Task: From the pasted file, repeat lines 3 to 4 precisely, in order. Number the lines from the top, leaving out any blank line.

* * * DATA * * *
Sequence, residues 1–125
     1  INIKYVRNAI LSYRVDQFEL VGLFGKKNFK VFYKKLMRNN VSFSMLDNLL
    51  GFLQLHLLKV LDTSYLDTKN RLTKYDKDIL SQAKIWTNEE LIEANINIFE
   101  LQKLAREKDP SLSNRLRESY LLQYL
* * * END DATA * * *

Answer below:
    51  GFLQLHLLKV LDTSYLDTKN RLTKYDKDIL SQAKIWTNEE LIEANINIFE
   101  LQKLAREKDP SLSNRLRESY LLQYL